Dia de los Muertos Altar Inspiration
The Day of the Dead celebration for the Meso -American indigenous people was a time to celebrate the harvest, and their ancestors. It was a private family event. Families set up a family altar with those things that were important to their ancestors, such as food, toys, pictures of their love ones, local seasonal flowers like :
cempasuchitl flowers which grew wild and were ready to cut at this time of year, to show the souls their way home.
Copal incense to take their gratitude and prayers up to the gods in its smoke.
salt, and water, for the weary souls of the ancestors, and some kind of torch, of the sacred fire. They buried their relatives where they lived, there were no cemeteries.
In the 17 century, Spanish fryers fused this harvest and ancestors remembrance day with the Catholic celebration of “All Saints Day” of November 1st. and added the All Soul’s Day on Nov. 2nd.
The same way it was done before with many of the non-Catholic peoples in Europe such as the Celts.
In Spain, they started making cookies and candies in the shape of bones of saints. And they still have a large repertoire of confections they eat only during these two days celebration. In Italy they are known as “Ossi dea Morti”. [recipe]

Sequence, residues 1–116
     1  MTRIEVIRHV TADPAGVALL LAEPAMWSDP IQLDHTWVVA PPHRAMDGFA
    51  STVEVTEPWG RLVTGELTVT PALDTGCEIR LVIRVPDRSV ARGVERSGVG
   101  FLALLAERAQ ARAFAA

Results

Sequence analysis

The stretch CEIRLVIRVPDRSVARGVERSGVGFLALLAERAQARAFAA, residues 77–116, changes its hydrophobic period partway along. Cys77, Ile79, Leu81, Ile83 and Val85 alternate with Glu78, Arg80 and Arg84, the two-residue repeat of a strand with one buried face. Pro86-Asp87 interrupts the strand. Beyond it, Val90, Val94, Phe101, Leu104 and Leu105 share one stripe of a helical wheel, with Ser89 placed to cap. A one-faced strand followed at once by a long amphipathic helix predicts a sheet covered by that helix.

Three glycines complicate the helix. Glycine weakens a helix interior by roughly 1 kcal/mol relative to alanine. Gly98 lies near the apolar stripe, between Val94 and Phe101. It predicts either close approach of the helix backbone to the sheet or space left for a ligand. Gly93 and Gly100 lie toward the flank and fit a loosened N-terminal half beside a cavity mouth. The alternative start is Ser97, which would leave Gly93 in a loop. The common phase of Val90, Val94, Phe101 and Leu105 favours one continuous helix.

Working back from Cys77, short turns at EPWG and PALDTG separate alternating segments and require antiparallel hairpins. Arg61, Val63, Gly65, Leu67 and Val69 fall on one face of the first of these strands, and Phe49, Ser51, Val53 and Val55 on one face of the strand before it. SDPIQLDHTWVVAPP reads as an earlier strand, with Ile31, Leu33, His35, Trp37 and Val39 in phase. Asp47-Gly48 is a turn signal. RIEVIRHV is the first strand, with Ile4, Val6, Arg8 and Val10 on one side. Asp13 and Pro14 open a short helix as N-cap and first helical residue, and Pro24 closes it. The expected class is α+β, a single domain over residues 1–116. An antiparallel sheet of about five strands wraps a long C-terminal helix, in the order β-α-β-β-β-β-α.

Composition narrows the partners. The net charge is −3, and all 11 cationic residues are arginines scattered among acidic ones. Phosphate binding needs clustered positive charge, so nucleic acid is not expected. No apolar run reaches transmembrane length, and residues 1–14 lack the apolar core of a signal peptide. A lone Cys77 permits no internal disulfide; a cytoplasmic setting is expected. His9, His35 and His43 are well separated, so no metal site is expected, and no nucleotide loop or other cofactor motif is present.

Well, visiting cemeteries is a new thing, the Catholic Church banned the burial of people in their residencial backyards, because it was a health hazard, and they added a “tax” for burial services. Rich people were buried inside the church, and the others in the atrium, the big open space outside the church. So, when people had to place their offerings on the graves of their love ones in the cemetery, it became a public celebration of people even strangers sharing stories; some would bring a guitar to serenade their love one.
Talking to others about the lives of your ancestors, their struggles, their adventures, their lives, seems to bring them back to life, as if they are sharing in the conversation.